Thursday, June 03, 2010

Whose fault is student debt?

The NY Times had an article the other day speculating about who gets the blame when college students end up buried in debt that they can’t pay off. The article related the story of one NYU student that graduated in 2005 with $100,000 in debt.

She and her family pulled out all the stops to get her into the best school they could. They started with her mother co-signing two Sallie Mae loans totaling $20,000. When they went for a third loan, Sallie Mae rejected the application because by then the mother had returned to college and was also borrowing money.

NYU suggested a federal Plus loan but that would have meant immediate payments which the mother couldn’t afford. NYU then suggested a private student loan from Citibank.

Citibank approved loans totally about $40,000. She was digging a chasm of debt that it would be very hard to get out of. At the moment she has about $97,000 in debt. She’s attending night school so payment can still be deferred but the interest charges are accumulating.

The article speculates on where the blame should be placed. It clears Sallie Mae because the first two loans were for a modest amount, were co-signed for by a responsible adult and the company refused any future loans.

The article rightly questions what Citibank was thinking when it approved an additional $40,000 in loans to someone who had at best only a potential way to pay the money back. The author then questions whether the NYU financial services office should have suggested, once the debt began to pile up, that perhaps she should consider transferring to a less expensive school.

At the moment our NYU graduate, with a degree in Religious and Women’s Studies, is living in San Francisco and making about $22 an hour. After taxes she apparently takes home about $2,300 a month and is paying $750 in rent. Repaying the student loans would run around $700 per month. The Times reports that our erstwhile student “badly wants to call a do-over on the last decade” and says “I don’t want to spend the rest of my life slaving away to pay for an education I got for four years and would happily give back. It feels wrong to me.”

Ok, where to go with this. I agree that Sallie Mae acted correctly and should get no blame and I don’t think it’s the place of the university’s financial aid office to provide advice to students about the level of debt they can handle or suggest they transfer to a less expensive school. The ones I dealt with at TCNJ, Hofstra and Seton Hall constantly provided warnings that students, and their families, needed to consider very carefully how they were going to handle having to repay loans. I can only assume that the financial aid office at NYU did so as well.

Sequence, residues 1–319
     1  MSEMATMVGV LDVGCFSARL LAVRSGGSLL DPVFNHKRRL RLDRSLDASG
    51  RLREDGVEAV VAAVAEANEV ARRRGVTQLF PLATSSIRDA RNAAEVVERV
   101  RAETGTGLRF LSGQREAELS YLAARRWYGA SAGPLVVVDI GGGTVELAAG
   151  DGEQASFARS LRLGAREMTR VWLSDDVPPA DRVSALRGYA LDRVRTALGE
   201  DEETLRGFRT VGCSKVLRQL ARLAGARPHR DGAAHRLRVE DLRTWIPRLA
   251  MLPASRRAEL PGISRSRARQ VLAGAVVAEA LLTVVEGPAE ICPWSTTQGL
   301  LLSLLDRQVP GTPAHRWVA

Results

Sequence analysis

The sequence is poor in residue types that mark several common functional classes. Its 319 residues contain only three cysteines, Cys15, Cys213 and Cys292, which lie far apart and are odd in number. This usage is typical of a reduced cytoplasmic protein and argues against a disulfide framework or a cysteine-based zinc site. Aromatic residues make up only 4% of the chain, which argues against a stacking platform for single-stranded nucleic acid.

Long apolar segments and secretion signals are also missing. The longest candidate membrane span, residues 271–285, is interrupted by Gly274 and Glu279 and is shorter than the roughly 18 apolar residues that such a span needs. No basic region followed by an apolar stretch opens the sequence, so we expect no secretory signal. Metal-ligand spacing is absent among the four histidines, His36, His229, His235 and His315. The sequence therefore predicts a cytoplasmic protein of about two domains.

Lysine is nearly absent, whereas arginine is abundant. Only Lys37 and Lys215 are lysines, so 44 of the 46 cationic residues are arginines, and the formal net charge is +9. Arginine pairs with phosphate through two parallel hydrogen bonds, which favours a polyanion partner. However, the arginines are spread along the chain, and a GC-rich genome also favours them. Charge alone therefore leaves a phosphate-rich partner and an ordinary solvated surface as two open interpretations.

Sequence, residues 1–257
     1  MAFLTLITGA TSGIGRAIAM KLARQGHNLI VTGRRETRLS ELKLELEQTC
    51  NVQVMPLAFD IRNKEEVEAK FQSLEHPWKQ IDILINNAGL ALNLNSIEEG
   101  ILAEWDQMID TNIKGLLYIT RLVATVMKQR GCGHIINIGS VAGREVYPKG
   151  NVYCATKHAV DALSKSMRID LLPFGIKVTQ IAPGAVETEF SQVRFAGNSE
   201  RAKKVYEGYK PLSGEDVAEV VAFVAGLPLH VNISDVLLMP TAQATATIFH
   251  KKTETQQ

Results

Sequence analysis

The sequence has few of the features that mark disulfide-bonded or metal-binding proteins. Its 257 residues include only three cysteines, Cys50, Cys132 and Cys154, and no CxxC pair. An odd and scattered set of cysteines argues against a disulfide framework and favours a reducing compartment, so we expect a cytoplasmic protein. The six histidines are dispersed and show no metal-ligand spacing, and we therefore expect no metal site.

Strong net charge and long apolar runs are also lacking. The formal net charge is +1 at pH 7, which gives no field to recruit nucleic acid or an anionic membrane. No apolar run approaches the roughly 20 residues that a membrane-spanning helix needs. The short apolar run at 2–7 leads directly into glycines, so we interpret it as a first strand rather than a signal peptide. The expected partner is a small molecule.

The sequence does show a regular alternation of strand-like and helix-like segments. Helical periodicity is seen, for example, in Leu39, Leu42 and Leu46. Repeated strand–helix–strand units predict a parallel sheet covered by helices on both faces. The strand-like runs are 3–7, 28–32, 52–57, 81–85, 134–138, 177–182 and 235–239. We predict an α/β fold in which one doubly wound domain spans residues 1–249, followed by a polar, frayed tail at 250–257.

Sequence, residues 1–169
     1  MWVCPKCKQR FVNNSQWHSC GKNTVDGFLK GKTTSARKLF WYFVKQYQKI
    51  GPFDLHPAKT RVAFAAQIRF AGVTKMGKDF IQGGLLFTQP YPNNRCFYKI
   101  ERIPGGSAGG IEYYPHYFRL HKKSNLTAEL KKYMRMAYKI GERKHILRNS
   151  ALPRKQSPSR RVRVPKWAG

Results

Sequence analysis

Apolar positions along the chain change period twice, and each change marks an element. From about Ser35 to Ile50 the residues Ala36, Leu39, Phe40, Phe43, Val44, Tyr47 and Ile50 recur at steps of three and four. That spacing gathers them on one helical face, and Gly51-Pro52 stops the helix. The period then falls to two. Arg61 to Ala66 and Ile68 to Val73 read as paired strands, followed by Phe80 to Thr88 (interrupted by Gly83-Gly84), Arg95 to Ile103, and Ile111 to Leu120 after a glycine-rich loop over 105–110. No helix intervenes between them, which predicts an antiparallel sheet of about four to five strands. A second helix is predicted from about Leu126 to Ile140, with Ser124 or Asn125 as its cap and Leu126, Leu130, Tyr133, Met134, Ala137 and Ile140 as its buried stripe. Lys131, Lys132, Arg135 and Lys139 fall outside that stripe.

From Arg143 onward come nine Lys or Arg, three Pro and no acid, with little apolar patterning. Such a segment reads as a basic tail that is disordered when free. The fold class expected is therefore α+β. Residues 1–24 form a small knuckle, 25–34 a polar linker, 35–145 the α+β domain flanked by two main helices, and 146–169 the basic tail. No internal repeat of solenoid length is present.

As for Citibank, what can I say? It seems as if the entire banking industry went through financial dementia in the latter part of the first decade of the 21st Century. I have no other way to explain the idiocy of some of the decisions including this one.

Even so, the ultimate responsibility falls upon the student and her family. Ahh, the poor dear just HAD to go to NYU, one of the most expensive universities in the country while living in NYC, one of the most expensive cities in the country. This is not to mention getting a degree in Religious and Woman’s Studies. What the hell is that anyway and what kind of job do you get with it?

You can’t get a “do-over” in real life just like you can’t get a “respawn.” If you screw up, you have to deal with it. I have no sympathy for our NYU grad. Start paying off the loan darling and if that leaves you a little short, get a flexible hours kind of job flipping burgers or waiting on tables.

You’re young; putting in a few extra hours of work won’t kill you. Besides, the more you work the less extra money you’ll need because you won’t have any time to spend it.

It’s your debt; you earned it; you held the dance so now its time to pay the band.

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